That said, some crimes are red flags that cannot be ignored. If you run a daycare, a person who has committed crimes against children cannot be considered for the positions. And they should probably be reported for even applying for the job. Some mistakes can put your business at risk. If a person has drunk driving in their record, you probably don’t want to hire them, especially if the job requires operating a motor vehicle or dangerous equipment. That is a person who has shown poor judgement on matters of life and death. If they still have the kind of addiction that leads them to drinking and driving, they are not the person who should be trusted with regard to the safety of others. Intoxicated driving means you should probably steer clear.
Multiple Addresses in a Short Period of Time
When a person has too many addresses in a compressed period of time, it should serve as a red flag. The reason is that it suggests a lack of commitment to any one place. And unless that person has had the kind of work that can be done anywhere, they are not holding down jobs for various reasons. Some of those reasons are undoubtedly good reasons. People get fired and people quit. It happens. But when a person bounces from job to job with a high level of frequency, that is very likely not someone with whom you want to trust a lot of responsibility.
It is pretty obvious that you don’t want to associate your company with a violent abuser. This is a bad person you don’t want anything to do with. Your company should have a zero-tolerance policy with regard to violence. So should every home. Anyone who would violate that policy at home will violate it at work. You don’t keep a ticking time bomb in the office because you know it is going to go off at some point. For the same reason, you don’t keep a violent abuser in your office.
This is not to say that one cannot have a more evolved view of people that are troubled. But that is irrelevant for your company. Some people cannot cope with the stresses of domestic life. As a result, they cope by physically lashing out. Such a person is to be pitied and medically treated. That said, the stresses of work life can also be difficult to bear. Setting a violent person up in a stressful job is setting them, and your company up for failure.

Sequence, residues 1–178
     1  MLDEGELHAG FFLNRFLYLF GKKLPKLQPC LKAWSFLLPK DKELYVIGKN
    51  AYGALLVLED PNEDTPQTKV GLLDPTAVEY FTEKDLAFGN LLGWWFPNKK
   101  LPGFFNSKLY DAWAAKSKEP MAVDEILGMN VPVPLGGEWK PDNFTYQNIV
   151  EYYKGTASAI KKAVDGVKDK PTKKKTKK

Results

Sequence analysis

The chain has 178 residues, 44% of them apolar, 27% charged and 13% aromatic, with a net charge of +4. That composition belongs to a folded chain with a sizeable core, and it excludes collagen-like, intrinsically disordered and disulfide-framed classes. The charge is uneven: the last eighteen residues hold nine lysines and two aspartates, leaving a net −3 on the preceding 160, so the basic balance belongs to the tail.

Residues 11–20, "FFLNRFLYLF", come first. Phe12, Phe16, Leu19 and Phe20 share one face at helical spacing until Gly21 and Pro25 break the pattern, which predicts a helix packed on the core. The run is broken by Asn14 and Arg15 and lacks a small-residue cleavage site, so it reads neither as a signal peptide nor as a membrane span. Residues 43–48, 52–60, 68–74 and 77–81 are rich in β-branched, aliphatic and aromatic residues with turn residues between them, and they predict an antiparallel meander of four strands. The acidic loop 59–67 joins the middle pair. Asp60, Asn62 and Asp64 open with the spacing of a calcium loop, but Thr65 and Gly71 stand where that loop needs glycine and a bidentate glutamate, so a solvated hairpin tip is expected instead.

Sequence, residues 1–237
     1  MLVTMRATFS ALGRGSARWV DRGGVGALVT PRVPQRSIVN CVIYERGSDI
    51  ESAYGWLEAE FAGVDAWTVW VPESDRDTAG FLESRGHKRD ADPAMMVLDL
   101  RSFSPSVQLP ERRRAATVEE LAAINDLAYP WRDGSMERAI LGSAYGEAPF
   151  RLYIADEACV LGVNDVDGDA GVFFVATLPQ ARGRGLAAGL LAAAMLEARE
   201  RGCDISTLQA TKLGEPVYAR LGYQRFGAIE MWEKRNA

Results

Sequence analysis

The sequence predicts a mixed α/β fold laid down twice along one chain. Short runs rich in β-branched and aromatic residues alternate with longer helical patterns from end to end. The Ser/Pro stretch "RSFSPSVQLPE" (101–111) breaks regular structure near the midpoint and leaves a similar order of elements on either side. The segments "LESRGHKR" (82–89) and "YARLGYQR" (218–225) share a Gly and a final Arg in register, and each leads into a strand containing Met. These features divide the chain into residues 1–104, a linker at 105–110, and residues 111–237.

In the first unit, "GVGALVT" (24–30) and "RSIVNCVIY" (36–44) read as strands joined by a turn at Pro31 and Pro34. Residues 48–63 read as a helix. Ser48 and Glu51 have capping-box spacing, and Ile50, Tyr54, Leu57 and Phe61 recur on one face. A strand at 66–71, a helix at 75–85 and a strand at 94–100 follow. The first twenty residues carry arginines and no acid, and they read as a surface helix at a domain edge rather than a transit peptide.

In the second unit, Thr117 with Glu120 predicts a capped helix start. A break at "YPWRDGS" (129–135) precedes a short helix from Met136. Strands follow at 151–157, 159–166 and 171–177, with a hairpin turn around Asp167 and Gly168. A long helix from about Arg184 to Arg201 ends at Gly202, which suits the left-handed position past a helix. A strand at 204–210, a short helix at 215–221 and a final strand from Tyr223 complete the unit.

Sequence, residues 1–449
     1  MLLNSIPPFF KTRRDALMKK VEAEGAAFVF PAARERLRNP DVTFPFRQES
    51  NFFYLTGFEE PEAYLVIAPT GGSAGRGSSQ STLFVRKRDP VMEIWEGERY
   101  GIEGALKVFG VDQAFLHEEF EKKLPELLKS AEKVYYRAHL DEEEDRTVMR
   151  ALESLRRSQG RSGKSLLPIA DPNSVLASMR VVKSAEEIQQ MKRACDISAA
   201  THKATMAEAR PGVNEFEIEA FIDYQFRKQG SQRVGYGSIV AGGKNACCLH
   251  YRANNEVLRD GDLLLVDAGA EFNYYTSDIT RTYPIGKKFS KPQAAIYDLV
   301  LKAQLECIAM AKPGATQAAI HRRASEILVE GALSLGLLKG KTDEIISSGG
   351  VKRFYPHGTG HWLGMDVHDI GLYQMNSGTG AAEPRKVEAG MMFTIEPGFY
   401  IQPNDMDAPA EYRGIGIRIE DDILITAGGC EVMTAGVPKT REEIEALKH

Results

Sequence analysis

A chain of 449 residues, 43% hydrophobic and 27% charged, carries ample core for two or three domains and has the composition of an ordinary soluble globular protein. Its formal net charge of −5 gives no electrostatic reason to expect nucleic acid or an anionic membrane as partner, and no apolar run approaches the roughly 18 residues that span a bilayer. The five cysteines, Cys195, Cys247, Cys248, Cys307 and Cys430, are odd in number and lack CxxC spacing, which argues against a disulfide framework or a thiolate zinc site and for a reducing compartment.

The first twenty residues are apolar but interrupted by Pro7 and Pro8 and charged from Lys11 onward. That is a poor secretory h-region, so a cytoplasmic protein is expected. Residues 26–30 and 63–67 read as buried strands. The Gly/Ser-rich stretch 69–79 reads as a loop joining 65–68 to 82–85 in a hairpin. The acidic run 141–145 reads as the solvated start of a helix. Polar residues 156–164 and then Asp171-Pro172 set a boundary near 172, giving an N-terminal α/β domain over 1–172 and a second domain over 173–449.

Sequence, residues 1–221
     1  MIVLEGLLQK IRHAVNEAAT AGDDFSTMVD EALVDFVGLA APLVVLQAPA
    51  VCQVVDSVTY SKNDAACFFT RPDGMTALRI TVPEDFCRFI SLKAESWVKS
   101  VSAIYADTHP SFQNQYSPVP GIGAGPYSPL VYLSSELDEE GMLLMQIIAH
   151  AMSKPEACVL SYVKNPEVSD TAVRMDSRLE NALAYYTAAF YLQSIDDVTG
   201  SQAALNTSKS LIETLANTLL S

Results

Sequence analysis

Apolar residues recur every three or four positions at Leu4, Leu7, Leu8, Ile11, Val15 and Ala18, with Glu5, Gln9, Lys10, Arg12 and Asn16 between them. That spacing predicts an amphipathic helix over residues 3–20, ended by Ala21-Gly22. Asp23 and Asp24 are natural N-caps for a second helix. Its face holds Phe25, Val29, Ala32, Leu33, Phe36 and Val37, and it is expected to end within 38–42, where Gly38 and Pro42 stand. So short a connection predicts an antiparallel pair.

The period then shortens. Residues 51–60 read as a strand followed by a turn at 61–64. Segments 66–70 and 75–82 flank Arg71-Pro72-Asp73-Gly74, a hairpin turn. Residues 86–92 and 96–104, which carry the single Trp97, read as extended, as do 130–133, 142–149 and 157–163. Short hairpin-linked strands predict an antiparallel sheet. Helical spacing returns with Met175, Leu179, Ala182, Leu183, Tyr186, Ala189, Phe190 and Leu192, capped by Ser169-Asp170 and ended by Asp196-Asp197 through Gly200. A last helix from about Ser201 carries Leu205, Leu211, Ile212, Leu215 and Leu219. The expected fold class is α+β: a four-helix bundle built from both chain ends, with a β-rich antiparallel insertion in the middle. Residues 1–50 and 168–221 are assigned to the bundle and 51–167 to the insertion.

Employee Background Checks and Credit Reports
Not every job is as sensitive to theft risk as others. Cashiers and managers who handle thousands of dollars in cash every day are in a unique position to pocket some of it for themselves. The cameras at cash registers are usually not focused on the customer, but on the cashier. That is because the bigger risk to the company is the dishonest cashier and not the dishonest customer. Bad credit is a sign that a person is not only irresponsible with money, it signifies a person has a great, if not a desperate need for more of it than they get paid. Where money handling is involved, pay closer attention to credit. This type of red flag can also be uncovered through employee background checks.
There is no full-proof method of selecting the perfect person for the job. But you can eliminate the least perfect candidates by noting the ones with a negative tax status, criminal history, multiple recent addresses, domestic violence, and extremely low credit scores.